Should you take a nap?

A nap is a short period of sleep, usually taken during the day.

Most mammals are polyphasic sleepers, sleeping multiple times within 24 hours. On the other hand, humans are monophasic sleepers, sleeping only once during the same period.

It is still unclear whether this is our natural sleep pattern, especially if you look at the sleeping habits of young children and the elderly, who take regular naps throughout the day.

Research suggests that our ancestors were polyphasic, sleeping for shorter periods. Still, over time we have adapted this way of sleeping into a single block to complement and cope with the frenetic pace of our modern existence.

Napping is still an essential part of cultures in the Mediterranean, South America, and Africa, where many people traditionally adopt the polyphasic approach to sleep.

The benefits of napping include restoring alertness, enhancing performance, and overcoming fatigue. At the same time, psychologically, it can be seen as a luxury enjoyed during time off to help rejuvenate and relax.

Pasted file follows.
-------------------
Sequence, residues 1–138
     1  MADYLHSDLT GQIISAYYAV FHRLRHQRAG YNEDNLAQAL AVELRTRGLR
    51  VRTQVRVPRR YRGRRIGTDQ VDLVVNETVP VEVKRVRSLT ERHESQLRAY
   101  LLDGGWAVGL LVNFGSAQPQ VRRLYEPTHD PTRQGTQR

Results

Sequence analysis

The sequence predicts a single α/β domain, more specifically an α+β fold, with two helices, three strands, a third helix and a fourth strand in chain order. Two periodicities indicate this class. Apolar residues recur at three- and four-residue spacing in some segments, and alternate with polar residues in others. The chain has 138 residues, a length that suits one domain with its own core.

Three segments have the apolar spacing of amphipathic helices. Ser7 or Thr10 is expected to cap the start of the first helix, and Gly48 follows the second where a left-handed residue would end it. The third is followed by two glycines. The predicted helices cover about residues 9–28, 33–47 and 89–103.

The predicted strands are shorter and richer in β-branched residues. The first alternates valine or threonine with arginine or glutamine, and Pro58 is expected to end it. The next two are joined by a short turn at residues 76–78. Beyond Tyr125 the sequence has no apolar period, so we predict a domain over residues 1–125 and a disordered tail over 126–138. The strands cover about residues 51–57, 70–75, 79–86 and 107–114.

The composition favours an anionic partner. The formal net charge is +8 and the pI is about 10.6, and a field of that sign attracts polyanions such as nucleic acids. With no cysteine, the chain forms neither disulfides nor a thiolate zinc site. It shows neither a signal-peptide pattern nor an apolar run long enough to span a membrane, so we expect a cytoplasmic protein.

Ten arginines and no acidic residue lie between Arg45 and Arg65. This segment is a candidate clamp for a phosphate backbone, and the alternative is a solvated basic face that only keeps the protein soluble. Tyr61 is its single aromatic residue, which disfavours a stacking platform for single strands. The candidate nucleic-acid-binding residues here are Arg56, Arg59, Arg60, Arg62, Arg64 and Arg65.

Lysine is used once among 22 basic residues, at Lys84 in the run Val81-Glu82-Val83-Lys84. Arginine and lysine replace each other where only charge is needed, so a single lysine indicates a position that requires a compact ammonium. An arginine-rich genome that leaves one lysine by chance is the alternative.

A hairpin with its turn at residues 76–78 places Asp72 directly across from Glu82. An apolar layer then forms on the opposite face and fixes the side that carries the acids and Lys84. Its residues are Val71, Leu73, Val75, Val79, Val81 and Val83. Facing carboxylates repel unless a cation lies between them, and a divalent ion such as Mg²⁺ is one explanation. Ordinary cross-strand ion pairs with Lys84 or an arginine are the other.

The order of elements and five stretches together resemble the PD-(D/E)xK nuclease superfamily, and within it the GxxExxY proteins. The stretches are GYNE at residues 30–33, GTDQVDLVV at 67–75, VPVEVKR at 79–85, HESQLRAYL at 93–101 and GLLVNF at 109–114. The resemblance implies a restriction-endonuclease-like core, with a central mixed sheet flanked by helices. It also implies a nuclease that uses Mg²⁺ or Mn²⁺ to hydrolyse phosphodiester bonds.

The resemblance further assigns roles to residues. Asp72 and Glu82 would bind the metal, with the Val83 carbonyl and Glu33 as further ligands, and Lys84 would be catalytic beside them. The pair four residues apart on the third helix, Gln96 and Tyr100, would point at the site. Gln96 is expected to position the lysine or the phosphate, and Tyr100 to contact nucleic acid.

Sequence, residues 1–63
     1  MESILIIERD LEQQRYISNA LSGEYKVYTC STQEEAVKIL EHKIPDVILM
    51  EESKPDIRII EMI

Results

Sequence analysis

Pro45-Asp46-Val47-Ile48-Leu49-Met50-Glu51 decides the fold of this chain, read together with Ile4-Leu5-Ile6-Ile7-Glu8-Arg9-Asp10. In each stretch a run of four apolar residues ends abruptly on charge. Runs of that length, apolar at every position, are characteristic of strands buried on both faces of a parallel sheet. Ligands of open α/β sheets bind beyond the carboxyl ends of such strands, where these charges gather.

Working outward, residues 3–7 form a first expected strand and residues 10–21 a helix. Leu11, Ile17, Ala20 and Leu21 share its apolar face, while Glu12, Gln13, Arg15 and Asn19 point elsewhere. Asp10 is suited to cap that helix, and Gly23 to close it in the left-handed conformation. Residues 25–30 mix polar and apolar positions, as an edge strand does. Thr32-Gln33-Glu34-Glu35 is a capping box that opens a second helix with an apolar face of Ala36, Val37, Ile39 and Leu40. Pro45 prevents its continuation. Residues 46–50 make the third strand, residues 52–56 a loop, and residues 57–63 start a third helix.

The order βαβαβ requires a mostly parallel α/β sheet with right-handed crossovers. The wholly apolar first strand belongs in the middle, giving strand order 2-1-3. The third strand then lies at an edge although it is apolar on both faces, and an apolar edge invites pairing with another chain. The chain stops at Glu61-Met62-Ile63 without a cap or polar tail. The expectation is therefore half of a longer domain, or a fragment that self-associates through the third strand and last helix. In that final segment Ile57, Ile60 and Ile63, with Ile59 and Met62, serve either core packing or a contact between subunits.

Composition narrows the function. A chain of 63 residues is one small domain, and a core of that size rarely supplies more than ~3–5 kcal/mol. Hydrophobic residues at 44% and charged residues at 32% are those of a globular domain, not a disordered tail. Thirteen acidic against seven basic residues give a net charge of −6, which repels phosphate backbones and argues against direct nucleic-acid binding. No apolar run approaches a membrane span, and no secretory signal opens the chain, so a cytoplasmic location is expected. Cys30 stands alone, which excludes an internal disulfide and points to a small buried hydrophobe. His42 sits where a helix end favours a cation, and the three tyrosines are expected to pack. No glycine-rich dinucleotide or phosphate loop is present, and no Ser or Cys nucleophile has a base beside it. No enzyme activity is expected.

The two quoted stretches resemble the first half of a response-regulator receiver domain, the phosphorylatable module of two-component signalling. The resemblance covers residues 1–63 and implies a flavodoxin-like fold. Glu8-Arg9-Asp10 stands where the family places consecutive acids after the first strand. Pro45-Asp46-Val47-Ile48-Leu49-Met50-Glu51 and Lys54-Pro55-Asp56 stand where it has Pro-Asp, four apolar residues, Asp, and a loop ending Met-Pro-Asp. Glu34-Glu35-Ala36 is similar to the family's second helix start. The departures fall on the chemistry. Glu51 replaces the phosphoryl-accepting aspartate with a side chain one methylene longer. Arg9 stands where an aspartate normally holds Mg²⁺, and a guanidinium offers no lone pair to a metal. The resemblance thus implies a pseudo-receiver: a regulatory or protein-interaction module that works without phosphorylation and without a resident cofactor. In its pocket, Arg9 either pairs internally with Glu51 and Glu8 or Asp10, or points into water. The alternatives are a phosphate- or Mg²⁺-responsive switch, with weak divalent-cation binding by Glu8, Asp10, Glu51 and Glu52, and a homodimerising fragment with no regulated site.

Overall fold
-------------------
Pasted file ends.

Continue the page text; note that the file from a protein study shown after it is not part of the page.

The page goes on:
There are several ways to take a nap:

Forty winks: Napping for up to 30 minutes during the day can help you to reap the benefits if you need to do so. The best time to slot a nap into your day is between 1 pm and 3 pm.

Power nap: It is beneficial for a quick jolt of alertness. It is a valuable way to ward off those moments of fatigue that make it almost impossible to keep your eyes open.

Napping isn’t for everyone and sleeping for any longer than 30 minutes can mean running the risk of entering into a deep sleep. The feeling of grogginess and disorientation associated with napping for too long is often called sleep inertia.